Date of Award:


Document Type:


Degree Name:

Master of Science (MS)



Committee Chair(s)

James McCalpin


James McCalpin


Peter T. Kolesar


Christopher J. Duffy


Chemical and tritium analyses of groundwater, precipitation and discharge records, fracture orientations, lineaments, and structural, stratigraphic, and topographic relationships have been used to describe the groundwater systems of Mantua Valley, north-central Utah. Groundwater flows through fractured Paleozoic quartzites and carbonate rocks and discharges from eleven perennial springs in Mantua Valley. Permeability in quartzites is the result of intense faulting and jointing. Groundwater in carbonate aquifers flows through fractures and/or fractures modified by solution and discharges as relatively large springs (up to 227 liters per second). Neogene normal faulting, rather than extensive karst processes, has produced valleys which are closed or nearly closed to surface-water drainage. Groundwater in the area has relatively low total dissolved solids, is warmer than the mean annual air temperature, and is of the calcium-magnesium-bicarbonate type. Temperatures of the groundwater suggest circulation depths in excess of 10 to 185 meters. Intermittent turbidity and fluctuations in calcite and dolomite saturation indices and in groundwater temperatures suggest that springs may be supplied by mixtures of shallow and deeper groundwater flow. With the methods used here, a water budget analysis of the area indicates that recharge to the groundwater systems is approximately 49% of mean annual precipitation. Annual recharge and average discharge of the springs were used to calculate recharge areas, which range from 3.0 km2 to 18 km2. Tritium analyses of two of the springs suggest mean residence times of less than ten years.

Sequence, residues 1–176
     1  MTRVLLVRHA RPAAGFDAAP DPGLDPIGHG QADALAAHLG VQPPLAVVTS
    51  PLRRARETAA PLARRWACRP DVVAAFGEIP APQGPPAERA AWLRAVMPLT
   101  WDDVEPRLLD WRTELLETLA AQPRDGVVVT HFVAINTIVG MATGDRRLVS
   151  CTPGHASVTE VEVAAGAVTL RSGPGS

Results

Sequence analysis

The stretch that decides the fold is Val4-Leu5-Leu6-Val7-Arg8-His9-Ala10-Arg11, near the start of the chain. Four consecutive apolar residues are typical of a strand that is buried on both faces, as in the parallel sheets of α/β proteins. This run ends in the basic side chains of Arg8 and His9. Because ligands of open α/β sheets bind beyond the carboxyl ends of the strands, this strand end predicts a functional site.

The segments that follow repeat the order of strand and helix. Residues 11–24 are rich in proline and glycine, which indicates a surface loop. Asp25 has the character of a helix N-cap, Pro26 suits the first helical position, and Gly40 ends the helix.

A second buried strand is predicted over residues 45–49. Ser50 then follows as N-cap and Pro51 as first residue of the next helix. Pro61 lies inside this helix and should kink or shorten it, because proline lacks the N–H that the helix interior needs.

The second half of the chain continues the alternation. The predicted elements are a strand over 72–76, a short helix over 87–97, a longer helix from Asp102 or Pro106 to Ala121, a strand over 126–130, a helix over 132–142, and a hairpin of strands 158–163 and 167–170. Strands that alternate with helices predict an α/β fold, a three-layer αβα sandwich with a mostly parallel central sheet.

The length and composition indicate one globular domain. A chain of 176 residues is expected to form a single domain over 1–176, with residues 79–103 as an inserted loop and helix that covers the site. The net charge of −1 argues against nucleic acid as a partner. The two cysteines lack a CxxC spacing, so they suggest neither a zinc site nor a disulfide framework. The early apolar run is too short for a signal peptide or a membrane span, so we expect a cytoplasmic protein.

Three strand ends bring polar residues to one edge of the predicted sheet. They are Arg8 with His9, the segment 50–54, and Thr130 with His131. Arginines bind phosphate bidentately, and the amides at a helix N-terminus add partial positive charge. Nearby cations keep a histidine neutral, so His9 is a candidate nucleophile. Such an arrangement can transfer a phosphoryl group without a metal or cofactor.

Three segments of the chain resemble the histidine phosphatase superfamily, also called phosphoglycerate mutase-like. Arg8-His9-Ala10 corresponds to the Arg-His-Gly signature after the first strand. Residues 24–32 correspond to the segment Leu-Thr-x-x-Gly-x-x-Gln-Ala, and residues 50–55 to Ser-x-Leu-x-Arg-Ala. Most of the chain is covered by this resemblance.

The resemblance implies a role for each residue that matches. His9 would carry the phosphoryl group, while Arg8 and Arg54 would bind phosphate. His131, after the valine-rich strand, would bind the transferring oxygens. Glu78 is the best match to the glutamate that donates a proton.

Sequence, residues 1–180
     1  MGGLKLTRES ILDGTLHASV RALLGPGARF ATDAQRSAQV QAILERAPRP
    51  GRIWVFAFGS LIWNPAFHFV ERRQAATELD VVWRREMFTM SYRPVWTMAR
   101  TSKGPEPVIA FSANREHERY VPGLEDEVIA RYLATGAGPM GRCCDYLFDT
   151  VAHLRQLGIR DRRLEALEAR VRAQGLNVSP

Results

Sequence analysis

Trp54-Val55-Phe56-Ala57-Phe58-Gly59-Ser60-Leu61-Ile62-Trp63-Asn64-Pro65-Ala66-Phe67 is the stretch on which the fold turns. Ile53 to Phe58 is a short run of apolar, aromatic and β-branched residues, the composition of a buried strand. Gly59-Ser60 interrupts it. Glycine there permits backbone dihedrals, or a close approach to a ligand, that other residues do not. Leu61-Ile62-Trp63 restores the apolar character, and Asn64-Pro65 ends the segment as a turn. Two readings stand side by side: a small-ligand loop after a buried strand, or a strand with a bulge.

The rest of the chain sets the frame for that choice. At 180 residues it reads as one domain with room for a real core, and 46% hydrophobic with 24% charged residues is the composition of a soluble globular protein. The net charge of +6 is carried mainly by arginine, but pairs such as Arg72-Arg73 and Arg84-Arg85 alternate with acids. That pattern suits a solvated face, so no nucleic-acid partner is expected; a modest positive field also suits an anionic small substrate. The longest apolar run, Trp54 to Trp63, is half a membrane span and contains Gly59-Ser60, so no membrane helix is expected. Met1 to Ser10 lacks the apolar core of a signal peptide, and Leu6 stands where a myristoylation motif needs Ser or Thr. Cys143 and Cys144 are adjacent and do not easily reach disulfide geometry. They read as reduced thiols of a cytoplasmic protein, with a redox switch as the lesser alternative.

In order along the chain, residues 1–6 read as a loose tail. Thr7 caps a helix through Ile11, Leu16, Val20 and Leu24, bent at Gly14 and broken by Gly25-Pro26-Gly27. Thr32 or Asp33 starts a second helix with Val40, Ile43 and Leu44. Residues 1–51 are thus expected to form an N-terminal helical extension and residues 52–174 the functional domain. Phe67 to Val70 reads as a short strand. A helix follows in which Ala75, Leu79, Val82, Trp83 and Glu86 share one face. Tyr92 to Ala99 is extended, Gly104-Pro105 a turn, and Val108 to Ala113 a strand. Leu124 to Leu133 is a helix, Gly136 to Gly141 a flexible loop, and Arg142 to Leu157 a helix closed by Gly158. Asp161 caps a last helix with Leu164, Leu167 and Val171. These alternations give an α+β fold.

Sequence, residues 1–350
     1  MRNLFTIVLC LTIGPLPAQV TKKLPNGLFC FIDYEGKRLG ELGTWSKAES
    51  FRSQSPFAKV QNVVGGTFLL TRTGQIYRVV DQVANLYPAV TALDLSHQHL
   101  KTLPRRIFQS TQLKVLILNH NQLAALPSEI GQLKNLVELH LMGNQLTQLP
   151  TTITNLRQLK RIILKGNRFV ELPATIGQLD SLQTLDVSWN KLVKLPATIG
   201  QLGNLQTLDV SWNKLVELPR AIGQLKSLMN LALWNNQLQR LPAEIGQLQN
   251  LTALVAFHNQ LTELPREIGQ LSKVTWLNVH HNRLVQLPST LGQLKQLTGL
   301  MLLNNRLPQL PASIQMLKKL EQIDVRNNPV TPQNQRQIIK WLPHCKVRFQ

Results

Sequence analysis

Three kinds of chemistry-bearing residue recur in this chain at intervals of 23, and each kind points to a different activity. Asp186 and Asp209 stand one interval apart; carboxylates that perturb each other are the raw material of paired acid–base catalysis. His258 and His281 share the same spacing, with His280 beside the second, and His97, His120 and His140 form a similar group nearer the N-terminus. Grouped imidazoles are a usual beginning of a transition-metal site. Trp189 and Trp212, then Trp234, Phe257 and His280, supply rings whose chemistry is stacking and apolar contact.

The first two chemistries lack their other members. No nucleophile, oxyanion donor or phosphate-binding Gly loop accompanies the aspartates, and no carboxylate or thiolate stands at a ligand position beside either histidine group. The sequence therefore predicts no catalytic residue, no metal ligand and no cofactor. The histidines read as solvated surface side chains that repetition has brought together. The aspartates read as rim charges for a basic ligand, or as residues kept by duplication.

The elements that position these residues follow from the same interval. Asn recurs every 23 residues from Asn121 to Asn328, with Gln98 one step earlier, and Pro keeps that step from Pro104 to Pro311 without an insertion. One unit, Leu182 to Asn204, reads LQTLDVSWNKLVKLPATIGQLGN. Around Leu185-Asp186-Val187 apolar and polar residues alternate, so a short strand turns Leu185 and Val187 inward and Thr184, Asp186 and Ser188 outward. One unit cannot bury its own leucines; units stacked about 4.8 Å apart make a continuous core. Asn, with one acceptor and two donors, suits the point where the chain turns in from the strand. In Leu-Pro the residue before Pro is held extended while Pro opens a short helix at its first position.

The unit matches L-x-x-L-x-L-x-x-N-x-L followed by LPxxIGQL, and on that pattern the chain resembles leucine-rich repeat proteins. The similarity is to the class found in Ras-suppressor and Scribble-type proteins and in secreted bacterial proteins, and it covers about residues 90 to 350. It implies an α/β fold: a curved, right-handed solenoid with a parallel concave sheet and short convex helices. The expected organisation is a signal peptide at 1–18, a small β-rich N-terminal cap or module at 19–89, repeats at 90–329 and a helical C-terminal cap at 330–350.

Additional Files

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Plate 1

Plate 2.pdf (4051 kB)
Plate 2

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